Here is a round-up of today's proverbs and fables - and for previous posts, check out the Bestiaria Latina Blog archives. I'm almost making good progress on my latest project - you can see the growing collection of Latin-vocabulary-via-proverbs at the Latin Via Proverbs blog.
HODIE: pridie Idus Octobres, the day before the Ides of October.
MYTHS and LEGENDS: The art image for today's legend shows Charon; you can also see the legends for the current week listed together here.
TODAY'S MOTTOES and PROVERBS:
3-WORD MOTTOES: Today's 3-word motto is Aude aliquid dignum (English: Dare something worthy).
3-WORD PROVERBS: Today's 3-word proverb is Vive memor mortis (English: Live, keeping death in mind).
RHYMING PROVERBS: Today's proverb with rhyme is: Audi, cerne, tace, si vis tu vivere pace (English: Listen, look, and be silent, if you want to live in peace).
VULGATE VERSES: Today's verse is Omnis qui facit peccatum, servus est peccati (John 8:34). For a translation, check out the polyglot Bible, in English, Hebrew, Latin and Greek, at the Sacred Texts Archive online.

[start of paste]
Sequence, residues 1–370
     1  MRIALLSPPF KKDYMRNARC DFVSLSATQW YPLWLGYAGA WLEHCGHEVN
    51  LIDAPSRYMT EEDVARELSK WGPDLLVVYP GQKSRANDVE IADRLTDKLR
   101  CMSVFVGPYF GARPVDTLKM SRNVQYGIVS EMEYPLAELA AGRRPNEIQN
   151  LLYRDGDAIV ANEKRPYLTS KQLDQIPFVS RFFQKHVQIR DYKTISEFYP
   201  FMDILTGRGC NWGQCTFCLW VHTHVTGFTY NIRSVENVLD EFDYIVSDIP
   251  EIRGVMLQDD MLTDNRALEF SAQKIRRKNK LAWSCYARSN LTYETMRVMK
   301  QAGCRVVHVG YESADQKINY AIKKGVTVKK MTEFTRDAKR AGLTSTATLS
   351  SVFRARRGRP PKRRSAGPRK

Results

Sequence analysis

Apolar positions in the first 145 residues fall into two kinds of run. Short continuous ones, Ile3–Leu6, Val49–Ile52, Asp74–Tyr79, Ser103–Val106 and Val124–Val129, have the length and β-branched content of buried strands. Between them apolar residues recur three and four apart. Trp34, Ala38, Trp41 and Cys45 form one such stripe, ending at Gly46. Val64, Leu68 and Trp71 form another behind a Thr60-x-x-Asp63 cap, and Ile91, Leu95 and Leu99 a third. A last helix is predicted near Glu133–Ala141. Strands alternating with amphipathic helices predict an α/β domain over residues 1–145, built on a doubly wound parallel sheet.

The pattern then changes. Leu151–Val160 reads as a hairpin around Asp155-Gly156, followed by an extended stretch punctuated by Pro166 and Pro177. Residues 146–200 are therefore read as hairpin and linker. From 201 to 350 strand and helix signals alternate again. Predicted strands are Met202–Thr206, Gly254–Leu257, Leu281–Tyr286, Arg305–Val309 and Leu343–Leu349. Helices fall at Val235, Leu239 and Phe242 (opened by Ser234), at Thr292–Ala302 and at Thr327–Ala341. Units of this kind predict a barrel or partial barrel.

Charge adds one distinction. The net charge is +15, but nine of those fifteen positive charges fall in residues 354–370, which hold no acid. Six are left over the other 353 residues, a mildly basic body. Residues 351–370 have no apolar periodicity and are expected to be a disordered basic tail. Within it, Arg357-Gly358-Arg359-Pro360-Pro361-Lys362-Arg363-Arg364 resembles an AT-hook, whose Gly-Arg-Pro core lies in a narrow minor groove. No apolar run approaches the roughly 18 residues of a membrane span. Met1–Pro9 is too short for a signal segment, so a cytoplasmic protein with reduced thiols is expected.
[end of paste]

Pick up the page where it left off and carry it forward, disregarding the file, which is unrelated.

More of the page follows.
ELIZABETHAN PROVERBS: Here is today's proverb commentary, this time by Taverner: In vino veritas: In wine is trouth. Verely large drinking and especiallie of wine taketh alwaye the cloke and dissimulation of mans minde, and what so ever lieth hidde in the brest, it bringeth to lighte. Furthermore Plinie a great learned man writeth, that wine so much bewrayeth the secretes of the mind, that there have been men, which in theyr large and mery drinkinge have uttered theyr owne bane and destruction. Our common Proverbe agreeth here unto whiche saieth, Children, drunkers, and fooles can not lye.
BREVISSIMA: The distich for today is Vivere Disce, et Mori: Ut tibi mors felix contingat, vivere disce; / Ut felix possis vivere, disce mori.
And here is today's proverbial lolcat:
MILLE FABULAE: The fable from the Mille Fabulae et Una widget is Lepores et Ranae, a story about the two proverbially timid species - rabbits and frogs.
AESOP IN ENGLISH VERSE: Today's fable from the English verse widget is The Mouse that Fell into the Pot, the story of the mouse who met his doom in a soup pot.
FABULAE FACILES: The fable from the Fabulae Faciles widget is Crocodilus et Canis, in which the dog does not fall for the crocodile's trick (this fable has a vocabulary list).